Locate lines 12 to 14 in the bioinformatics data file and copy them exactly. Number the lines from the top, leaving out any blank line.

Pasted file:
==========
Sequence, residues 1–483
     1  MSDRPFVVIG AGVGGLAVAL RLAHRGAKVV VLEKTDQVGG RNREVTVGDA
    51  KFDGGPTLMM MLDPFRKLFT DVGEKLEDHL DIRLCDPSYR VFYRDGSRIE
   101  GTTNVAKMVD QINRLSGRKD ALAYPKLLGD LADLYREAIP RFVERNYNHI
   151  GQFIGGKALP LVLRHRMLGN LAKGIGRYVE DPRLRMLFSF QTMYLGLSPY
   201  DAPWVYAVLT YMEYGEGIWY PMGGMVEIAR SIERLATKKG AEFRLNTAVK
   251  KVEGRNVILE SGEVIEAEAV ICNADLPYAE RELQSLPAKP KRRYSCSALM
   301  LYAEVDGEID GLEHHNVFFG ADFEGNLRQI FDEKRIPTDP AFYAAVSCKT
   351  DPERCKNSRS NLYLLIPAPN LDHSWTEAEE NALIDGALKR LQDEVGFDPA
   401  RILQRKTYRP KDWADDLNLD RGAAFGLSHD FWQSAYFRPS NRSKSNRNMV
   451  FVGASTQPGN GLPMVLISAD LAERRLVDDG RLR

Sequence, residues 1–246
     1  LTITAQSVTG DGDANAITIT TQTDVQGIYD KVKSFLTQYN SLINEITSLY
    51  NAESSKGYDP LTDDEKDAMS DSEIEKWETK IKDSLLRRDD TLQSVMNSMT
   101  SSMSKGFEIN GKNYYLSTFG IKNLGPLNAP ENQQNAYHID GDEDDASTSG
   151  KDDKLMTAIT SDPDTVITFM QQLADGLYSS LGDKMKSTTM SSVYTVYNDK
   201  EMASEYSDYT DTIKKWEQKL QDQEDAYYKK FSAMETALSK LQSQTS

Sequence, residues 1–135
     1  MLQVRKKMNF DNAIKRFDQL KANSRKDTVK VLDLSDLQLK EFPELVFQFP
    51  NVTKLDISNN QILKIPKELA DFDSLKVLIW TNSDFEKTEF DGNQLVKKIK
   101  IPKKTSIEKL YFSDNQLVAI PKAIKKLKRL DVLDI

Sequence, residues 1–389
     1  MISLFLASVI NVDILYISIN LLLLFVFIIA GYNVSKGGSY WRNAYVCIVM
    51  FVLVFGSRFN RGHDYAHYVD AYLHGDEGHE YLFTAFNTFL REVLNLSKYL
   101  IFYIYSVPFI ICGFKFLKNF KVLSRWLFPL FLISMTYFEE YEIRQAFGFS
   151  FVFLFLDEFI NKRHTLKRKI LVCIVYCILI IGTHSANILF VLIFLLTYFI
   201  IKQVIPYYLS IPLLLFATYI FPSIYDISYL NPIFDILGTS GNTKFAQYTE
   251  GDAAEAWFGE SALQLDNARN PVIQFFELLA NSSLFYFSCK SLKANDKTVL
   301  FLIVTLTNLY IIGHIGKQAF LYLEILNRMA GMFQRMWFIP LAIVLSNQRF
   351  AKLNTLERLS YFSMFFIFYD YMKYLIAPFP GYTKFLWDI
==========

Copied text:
Sequence, residues 1–246
     1  LTITAQSVTG DGDANAITIT TQTDVQGIYD KVKSFLTQYN SLINEITSLY
    51  NAESSKGYDP LTDDEKDAMS DSEIEKWETK IKDSLLRRDD TLQSVMNSMT